Russia halted the arrangement that allowed Ukraine to export grain from its Black Sea ports for the last year, leaving the Black Sea once again central to the ongoing conflict.

Last July, the United Nations (UN) and Turkey reached an agreement to ease the worldwide food crisis by allowing Ukrainian grain to be safely shipped.

Russia’s invasion of Ukraine, and its focus on southern port cities, blocked Black Sea grain exports in 2022 and led to global grain shortages. Ukraine is a significant grain and cereal exporter, and cities such as Odesa are key ports in the global shipping trade.

Today’s decision by the Russian Federation will strike a blow to people in need

As reported by Just Food, the Black Sea Grain Initiative, launched for an initial 120 days and extended three times since then, provided for the safe transportation of grains such as wheat out of three Ukrainian ports.

President Vladimir Putin’s spokesperson Dmitry Peskov told the Financial Times on Monday that the accord had “essentially stopped” and that Russia would no longer cooperate with it.

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Russia’s Foreign Ministry notified Ukraine, Turkey and the United Nations that “without Russia’s participation, the ‘Black Sea Initiative’ ceases to function from July 18”, Reuters reported.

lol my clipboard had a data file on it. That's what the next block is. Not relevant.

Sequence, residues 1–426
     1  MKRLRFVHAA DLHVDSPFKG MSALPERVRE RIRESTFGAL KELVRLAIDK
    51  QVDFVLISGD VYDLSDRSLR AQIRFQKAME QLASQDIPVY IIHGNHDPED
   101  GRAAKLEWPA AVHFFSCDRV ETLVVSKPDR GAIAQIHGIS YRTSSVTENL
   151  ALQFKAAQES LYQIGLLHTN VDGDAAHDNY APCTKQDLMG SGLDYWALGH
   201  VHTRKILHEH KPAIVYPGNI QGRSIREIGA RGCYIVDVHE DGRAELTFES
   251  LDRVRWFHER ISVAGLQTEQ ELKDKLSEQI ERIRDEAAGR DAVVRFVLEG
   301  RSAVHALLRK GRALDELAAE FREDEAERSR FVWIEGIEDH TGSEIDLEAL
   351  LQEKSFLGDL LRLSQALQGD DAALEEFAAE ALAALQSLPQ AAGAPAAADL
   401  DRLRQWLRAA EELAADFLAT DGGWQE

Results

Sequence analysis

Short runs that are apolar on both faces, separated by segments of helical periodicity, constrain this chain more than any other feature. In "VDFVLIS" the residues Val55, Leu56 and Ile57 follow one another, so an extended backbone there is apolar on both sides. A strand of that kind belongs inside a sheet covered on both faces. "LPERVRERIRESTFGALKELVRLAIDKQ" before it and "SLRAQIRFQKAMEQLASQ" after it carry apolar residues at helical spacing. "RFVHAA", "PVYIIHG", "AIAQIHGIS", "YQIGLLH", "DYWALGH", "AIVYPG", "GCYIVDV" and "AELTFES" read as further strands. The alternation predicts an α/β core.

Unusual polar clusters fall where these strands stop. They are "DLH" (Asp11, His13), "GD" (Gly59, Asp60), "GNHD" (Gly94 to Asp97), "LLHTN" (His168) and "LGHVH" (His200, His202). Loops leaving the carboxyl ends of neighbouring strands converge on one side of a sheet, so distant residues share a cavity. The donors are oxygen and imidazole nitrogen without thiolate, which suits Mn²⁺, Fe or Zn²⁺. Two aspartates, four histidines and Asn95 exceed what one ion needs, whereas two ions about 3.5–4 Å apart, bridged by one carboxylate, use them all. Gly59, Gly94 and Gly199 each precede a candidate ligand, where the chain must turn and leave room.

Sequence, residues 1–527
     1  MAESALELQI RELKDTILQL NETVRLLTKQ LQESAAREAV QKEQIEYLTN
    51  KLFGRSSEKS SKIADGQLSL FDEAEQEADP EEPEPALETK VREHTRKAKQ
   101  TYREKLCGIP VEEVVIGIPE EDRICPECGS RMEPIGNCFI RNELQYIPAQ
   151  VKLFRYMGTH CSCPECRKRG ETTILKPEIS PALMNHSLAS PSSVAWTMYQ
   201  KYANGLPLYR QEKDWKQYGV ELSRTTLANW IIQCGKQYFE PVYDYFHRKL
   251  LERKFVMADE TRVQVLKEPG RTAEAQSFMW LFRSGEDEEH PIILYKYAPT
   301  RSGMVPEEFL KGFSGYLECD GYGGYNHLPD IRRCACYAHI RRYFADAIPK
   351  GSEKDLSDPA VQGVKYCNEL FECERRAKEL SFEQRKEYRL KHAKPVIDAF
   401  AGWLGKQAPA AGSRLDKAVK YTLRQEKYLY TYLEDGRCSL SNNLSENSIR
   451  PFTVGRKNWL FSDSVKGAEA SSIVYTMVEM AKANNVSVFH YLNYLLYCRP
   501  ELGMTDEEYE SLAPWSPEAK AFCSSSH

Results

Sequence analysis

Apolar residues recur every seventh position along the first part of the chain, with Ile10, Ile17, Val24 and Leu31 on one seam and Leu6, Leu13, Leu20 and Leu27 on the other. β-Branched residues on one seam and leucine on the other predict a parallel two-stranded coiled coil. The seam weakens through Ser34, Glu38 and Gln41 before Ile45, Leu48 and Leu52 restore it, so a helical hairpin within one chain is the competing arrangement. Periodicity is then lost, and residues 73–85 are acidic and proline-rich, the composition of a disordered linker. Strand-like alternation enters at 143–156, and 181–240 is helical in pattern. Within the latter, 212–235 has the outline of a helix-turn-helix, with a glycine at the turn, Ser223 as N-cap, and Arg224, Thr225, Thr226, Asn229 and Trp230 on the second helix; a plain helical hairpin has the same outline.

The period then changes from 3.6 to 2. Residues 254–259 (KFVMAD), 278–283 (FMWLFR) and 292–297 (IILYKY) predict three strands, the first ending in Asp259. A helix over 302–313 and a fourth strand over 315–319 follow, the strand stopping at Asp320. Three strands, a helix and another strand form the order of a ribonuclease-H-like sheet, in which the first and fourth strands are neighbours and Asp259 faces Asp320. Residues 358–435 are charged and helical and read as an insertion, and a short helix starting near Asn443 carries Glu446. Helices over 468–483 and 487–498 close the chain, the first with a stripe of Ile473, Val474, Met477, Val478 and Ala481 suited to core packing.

This included the withdrawal of shipping safety assurances, the closure of a maritime humanitarian corridor and the dissolution of the Joint Coordination Centre created at the Black Sea’s mouth in Istanbul to supervise the deal’s execution, according to the statement.

According to Russia’s ministry, this meant that the northern Black Sea will be declared as a temporary hazard zone for shipping once more.

UN Secretary-General António Guterres highlighted the importance of the grain deal and its significance in feeding the “struggling people” of the world.

Guterres said: “The Black Sea Initiative, together with the memorandum of understanding on facilitating exports of Russian food products and fertilisers, has been a lifeline for global food security and a beacon of hope in a troubled world.”

The Russian Foreign Ministry said the deal may not be closed forever: “Only upon receipt of concrete results and not promises and assurances, will Russia be ready to consider restoring the deal.”

Guterres refuted this characterisation and pointed to proposals sent to President Putin: “The Russian Federation has highlighted the issue of access to SWIFT by the Russian Agricultural Bank as a key factor influencing its decisions. On this front, the United Nations recently brokered a concrete proposal to enable a subsidiary of the Russian Agricultural Bank to regain access to SWIFT with the European Commission.

“The key element underpinning this proposal’s political viability is that it can be implemented within existing regulations. We see this as a unique political opening, stemming from a genuine desire to protect global food security beyond 17 July.”

“Today’s decision by the Russian Federation will strike a blow to people in need everywhere. But it will not stop our efforts to facilitate the unimpeded access to global markets for food products and fertilizers from both Ukraine and the Russian Federation.

“I particularly want to recognize the efforts of the government of Türkiye in this regard,” Guterres added.